Classical Editor: Rob Barnett                               Music Webmaster Len Mullenger:

Sylvie BODOROVA (1954-)
Pontem video, Organ/String/percussion Concerto (1983) (1) [14.30]
Plankty, Music for Viola and Symphony Orchestra (1982) (2) [14.35]
Dignitas homini String Quartet No. 1 (1987) (3) [12.23]
Ventimiglia Music for Trumpet and Percussion (1992) (4) [11.16]
Concerto dei Fiori - Concerto for Violin and Strings (1996) [13.21]
Vera Hermanova (Organ); Jan Perusaka (viola); Miroslav Keimiar (trumpet); Vaclav Hudacek (violin); Prague SO/Jiri Belohlavek (1-2); Stamic Quartet (3); Prague Percussion Group/Amy Lynne Barber (4); Prague Chamber PO/Christopher Zimmerman
rec. 'njen' 1984 (1); 'cerven' 1984 (2); 'brezen' 1989 (3); 'kveten' 1997 (5), Planton, Supraphon, Cesky rozhlas recording, Rotag Records. Somewhere in Prague; Studio Ceskeho rozhlasu Prague, 1993 (4)
Panton, Cesky Rozhlas 71 0522-2 [66.27]
Contact address: QuattroSylvie Bodorova, Valentova 1731, 149 00 Praha 4, Czech Republic
tel./fax.: + 420 - 2 - 7921743 e-mail: Subject: Quattro

This is an almost identical compilation to a disc also reviewed , of 80 minutes length. Its disadvantages are that it omits the Oboe and Guitar Concertante pieces (the latter appearing in a new recording with Supraphon, see Guitar Concertos of Prague), and substitutes a Violin one only. Hence the running time is reduced from 80 minutes to 66.27. The advantages are a vastly more helpful booklet, and accessibility. The earlier disc was 'Not for Sale' generally though an approach via the above website may well yield up a copy and perhaps Bodorova's kind of official bootleg of herself ... Both discs seem to have been released under licence from Czech Radio Prague.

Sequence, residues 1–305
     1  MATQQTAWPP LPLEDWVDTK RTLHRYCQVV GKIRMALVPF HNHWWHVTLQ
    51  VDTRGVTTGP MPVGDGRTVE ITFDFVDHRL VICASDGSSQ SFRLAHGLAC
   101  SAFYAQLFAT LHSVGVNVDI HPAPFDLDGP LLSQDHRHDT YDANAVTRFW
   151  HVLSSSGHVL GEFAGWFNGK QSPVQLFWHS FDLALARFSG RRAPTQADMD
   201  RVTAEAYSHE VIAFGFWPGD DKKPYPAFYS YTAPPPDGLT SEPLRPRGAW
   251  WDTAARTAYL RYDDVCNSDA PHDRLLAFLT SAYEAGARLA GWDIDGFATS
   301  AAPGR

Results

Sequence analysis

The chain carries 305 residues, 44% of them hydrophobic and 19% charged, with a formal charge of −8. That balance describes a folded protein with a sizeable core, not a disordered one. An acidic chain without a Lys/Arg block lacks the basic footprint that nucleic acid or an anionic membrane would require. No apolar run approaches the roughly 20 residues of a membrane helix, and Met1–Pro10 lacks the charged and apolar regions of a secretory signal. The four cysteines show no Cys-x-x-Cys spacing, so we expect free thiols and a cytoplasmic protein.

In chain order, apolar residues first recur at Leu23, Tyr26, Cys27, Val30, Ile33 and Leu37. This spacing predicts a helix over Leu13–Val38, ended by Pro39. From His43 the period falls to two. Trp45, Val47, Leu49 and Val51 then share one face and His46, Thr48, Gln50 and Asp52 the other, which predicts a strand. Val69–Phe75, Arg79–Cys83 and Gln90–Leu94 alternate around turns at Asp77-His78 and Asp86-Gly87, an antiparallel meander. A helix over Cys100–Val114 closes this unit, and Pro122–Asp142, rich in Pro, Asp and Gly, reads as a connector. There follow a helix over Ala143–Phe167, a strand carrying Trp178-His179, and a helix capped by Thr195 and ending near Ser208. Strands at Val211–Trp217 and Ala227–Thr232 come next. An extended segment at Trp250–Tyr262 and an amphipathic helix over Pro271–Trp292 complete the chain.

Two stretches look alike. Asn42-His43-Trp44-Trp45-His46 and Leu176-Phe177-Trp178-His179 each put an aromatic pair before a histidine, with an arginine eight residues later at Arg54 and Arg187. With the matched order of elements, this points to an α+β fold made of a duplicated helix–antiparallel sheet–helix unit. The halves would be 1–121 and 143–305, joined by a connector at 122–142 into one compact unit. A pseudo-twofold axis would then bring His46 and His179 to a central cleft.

Either of them are most attractive discs. Here, at least, we can glean something of the composer for whom last time assembling facts about proved a detection game. This time there's a more garish-themed sleeve, part of a series of the 'Quattro' composers she belonged to. In the first CD the sticker shouted 'Quattro' and names Bodorova, Lubos Fiser (1935-99), Zdenek Lukas, Otmar Macha, as belonging to some Worshipful Company, fit though few. Fiser's just died, and one imagined the group was of an age, though Macha was born in 1922, 32 years older than Bodorova. Bodorova used the reverse side of that front cover to proclaim her credo in Czech and English. In her very slim single sheet the composer proclaimed: 'We are here so that we may illuminate things from a different angle.' This CD seems to come from the same stable, as the QUATTRO Website. I urge interested readers to access it.